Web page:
Sticking with the common theme of postseason awards that is prevalent this time of year, the AP All-American list was revealed yesterday, and for the first time since the 2004 season, no Penn State players made the first, second, or third team.
If you spend an insane amount of time going through each individual player’s numbers, you will find most of them to be rather impressive. There are, however, two statistical examples that Penn State fans might find interesting:
Player A: 91 tackles 6 tackles for loss, 1 sack, 2 interceptions
Player B: 95 tackles, 4.5 tackles for loss, 2.5 sacks, 3 interceptions
Player C: 109 tackles, 8.5. tackles for loss, 1 sack, 2 interceptions
Player A is Kansas State linebacker Arthur Brown, who was selected as a second-team All-American. Player B is Michael Mauti, who aside from the tackles for loss category, posted better numbers than Brown while essentially playing in two less games following a knee injury against Indiana. Player C is Gerald Hodges who has equal or better numbers than Brown in all major statistical categories.
This next comparison gets a bit more intriguing.
Player A: 55 tackles, 4 tackles for loss, 1 sack
Player B: 64 tackles, 8.5 tackles for loss, 4.5 sacks, 1 forced fumble, 1 fumble recover
Player A is Ohio State defensive tackle Jonathan Hankins, a second-team All-American. Player B is Jordan Hill. Hill and Hankins faced relatively similar opponents, and the Penn State defensive tackle saved his best game for last, holding first-team All-American running back Montee Ball to 111 yards and 4.1 yards per carry after Ball ran for 191 yards on 4.9 yards per carry a week before against the Buckeyes.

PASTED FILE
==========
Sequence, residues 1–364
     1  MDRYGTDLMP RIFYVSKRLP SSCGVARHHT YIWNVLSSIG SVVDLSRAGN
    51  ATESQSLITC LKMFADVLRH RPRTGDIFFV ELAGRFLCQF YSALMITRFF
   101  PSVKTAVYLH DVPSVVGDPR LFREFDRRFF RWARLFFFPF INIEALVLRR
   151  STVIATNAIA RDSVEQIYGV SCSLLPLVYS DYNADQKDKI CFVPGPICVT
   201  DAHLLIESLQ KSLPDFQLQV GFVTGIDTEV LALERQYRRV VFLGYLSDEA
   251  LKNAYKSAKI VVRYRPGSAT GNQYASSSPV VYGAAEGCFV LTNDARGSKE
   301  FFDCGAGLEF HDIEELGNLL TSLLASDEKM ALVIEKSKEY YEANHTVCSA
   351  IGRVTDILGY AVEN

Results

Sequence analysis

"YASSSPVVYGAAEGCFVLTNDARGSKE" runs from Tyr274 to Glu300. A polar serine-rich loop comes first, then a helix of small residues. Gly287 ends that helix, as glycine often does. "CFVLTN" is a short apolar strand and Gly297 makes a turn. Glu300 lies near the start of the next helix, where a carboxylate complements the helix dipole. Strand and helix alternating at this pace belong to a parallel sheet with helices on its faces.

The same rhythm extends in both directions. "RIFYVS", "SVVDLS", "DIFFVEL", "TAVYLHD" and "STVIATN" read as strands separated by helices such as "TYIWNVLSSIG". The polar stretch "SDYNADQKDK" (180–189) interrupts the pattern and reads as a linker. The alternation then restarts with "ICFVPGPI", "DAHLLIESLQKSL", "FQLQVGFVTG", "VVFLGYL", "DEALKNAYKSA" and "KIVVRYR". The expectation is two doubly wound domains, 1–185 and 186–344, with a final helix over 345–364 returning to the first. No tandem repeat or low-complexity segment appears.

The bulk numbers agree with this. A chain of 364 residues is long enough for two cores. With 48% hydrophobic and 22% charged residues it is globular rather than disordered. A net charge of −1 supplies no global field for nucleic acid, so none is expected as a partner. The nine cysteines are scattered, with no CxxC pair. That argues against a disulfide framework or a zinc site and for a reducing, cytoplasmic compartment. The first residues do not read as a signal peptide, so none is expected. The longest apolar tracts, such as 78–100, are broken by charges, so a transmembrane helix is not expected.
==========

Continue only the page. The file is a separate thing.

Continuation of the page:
Hill’s numbers against Hankins’ speak for themselves, and it is tough to imagine a healthy Mauti not being one of the top nine linebackers in the country, but before anyone shouts conspiracy at the top of their lungs, recognize that voters take several factors into consideration and deserving recipients are sometimes overlooked. Quarterback Braxton Miller, who led the Buckeyes to an undefeated season, finished fifth in the Heisman Trophy voting and was passed over for Alabama signal-caller A.J. McCarron on the third-team despite accounting for one more touchdown throughout the season while playing one less game.
If voters failed to do their homework on a few potentially deserving Nittany Lions or worse, knew of their production and held the Jerry Sandusky scandal against them when it came to casting a ballot, then shame on them and may they never be allowed to vote again, but more outlandish examples would be needed to make that case.
The lack of recognition here for Mauti, Hill, and Hodges will leave some disappointed, but years from now when one gazes upward toward the “2012” sign displayed on the Beaver Stadium facade, no one will remember that they were left off some awards list.